The NRS’s oldest reserve is now under the leadership of its newest director. Jennifer (Jen) Hunter took the reins of Hastings Natural History Reservation in December, after former resident director Vincent Voegeli relocated to Kauai.
Hunter, who holds a PhD in carnivore community ecology from UC Davis, learned about the NRS as a graduate student. She conducted some of her dissertation research on skunks at Quail Ridge Reserve, McLaughlin Natural Reserve, Sagehen Creek Field Station, Landels-Hill Big Creek Reserve, and the Sierra Nevada Aquatic Research Laboratory.
Hunter examined the role of warning coloration in skunk recognition for her field project. First, she stuffed a number of skunks and gray foxes. “Taxidermy is not a skill I thought I would learn in grad school,” she noted wryly. Then she dyed half the skunks gray, and gave half the foxes black and white skunk stripes. Her goal was to discover whether skunk predators used shape, color, or both to identify these stinky prey.
She spent her first field season at the NRS’s McLaughlin Natural and Quail Ridge reserves. “The managers had the flexibility and interest to help me make it work. They knew the landscape, and had a better sense of what was feasible and what wasn’t,” Hunter said.
Hunter recounted one incident when a mountain lion made away with one of her mounts. Shane Waddell, director of Quail Ridge Reserve, accompanied her, shovel in hand, to find the lion’s cache and recover the mount.
After surveying the skunk population at each reserve, Hunter found that skunk abundance greatly influenced predator reactions to her mounts. “In places skunks were really common, both the skunk shaped and the skunk colored mounts were avoided. But in places skunks were rare, they got hammered,” she said. “Without that experiential learning, predators were not as familiar with them and more likely to attack them.”
Reserve management as a career
The opportunity to collaborate with reserve personnel opened Hunter’s eyes to the possibility of an NRS or field station career.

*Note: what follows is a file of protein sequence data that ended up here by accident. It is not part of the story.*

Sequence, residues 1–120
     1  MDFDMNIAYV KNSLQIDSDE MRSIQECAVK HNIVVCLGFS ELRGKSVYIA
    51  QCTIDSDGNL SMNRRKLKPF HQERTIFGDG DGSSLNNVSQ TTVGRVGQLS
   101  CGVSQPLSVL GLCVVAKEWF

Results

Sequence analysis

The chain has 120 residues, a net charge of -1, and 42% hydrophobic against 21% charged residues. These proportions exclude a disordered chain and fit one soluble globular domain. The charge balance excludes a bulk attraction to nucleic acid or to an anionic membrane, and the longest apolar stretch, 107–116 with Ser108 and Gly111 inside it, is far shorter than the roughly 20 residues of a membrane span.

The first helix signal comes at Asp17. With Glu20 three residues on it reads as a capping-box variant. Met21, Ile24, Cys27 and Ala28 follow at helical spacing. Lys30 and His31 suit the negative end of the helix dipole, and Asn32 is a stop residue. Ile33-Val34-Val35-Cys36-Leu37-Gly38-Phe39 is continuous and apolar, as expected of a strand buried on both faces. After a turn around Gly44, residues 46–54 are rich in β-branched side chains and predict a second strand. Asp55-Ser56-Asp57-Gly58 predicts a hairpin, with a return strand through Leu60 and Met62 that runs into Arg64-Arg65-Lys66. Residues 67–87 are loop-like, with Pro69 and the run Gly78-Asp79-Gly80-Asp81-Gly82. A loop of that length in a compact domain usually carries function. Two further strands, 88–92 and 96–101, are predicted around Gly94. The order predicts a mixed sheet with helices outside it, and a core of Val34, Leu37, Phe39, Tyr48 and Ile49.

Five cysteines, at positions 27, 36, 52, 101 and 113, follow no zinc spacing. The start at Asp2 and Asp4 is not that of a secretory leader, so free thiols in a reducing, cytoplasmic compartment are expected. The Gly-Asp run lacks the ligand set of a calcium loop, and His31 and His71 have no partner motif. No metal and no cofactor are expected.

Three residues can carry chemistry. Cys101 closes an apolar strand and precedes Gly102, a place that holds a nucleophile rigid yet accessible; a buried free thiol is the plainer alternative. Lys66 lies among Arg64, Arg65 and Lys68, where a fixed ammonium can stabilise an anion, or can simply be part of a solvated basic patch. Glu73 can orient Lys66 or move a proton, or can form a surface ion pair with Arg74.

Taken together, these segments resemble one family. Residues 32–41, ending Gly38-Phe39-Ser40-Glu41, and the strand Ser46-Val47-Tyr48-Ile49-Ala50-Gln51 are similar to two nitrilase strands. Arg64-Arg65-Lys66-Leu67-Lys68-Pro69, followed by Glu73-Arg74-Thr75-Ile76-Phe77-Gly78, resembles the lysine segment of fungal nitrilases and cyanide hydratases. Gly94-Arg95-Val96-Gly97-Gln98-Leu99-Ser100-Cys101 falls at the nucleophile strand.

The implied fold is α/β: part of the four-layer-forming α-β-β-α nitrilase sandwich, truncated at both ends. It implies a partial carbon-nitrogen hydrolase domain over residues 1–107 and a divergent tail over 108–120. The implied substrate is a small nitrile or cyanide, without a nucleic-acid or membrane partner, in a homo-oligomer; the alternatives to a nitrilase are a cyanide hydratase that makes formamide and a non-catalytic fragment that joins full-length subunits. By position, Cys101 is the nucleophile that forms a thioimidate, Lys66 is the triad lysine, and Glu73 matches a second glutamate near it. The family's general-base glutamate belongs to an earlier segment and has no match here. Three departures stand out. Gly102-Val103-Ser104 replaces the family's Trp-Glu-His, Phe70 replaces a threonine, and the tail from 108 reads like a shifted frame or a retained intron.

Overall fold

“I thought, this is the life! You’re working and living in these beautiful places, facilitating research and working with landowners—all things I really enjoy doing. I’d be in a place to do what Paul and Cathy [directors of McLaughlin Natural Reserve] and Shane [director of Quail Ridge] did for me, to help work through some of the kinks in the development of my research.”
Hunter certainly has the right resume for a reserve manager. In addition to her field research, for the past four years Hunter has worked at UC Berkeley supporting large research projects, including the Eel River Critical Zone Observatory at Angelo Coast Range Reserve, soil microbial research, and a lab focusing on animal movements, behavioral ecology, and human-wildlife conflicts. The exposure to such a wide range of subject areas will stand her in good stead as she interacts with researchers from different disciplines at Hastings.
A new life in rural Carmel Valley
Hunter moved to the Carmel Valley reserve with her husband Mike and their two children. Most recently they have lived on the outskirts of Livermore, in a house heated with a wood stove and supplied by a well, then suburban Hayward. Son Nico and daughter Mia are thrilled about their new, more rural environs. “Dark nights and looking at stars is something they miss,” Hunter said. Mike, who works at Google, will be able to work remotely much of the time.
A self-described serial home remodeler, Hunter is looking forward to keeping Hastings’ infrastructure running smoothly. “When we bought our first house, it needed work. We realized we really liked all the construction and troubleshooting, knocking holes in the walls and replumbing this and rewiring that,” she said. “It’s always been a fun thing that I liked doing. I’m looking forward to using work time do this type of construction. And I am super excited about the workshop space at Hastings.”
Diversifying the Hastings community
Thanks to previous director Voegeli, who left Hastings’ facilities in good shape, Hunter hopes she can devote a good portion of her time to public outreach and fundraising.
As part of this effort, Hunter want to draw a broader spectrum of people—diverse in age, ethnicity, and discipline—to the reserve. “Issues of access and representation are so important for me. I didn’t come from a background where we went camping and hiking and fishing and hunting,” said the native Seattleite.
Because Hastings offers both an array of natural habitats and comfortable housing, Hunter feels it’s an ideal place to introduce city folks to nature. “You don’t have to have the camping gear or be able to build a fire. You can just show up and enjoy it. That’s one of the real strengths of a place like Hastings; it can be that bridge.”
She plans to spread the word about Hastings to K-12 schools, community and state colleges, and nonprofit groups that might want to hold meetings or ecology lessons at the reserve. On the reserve, she hopes young people will be exposed to career options they might never have considered before—just the way it happened for her.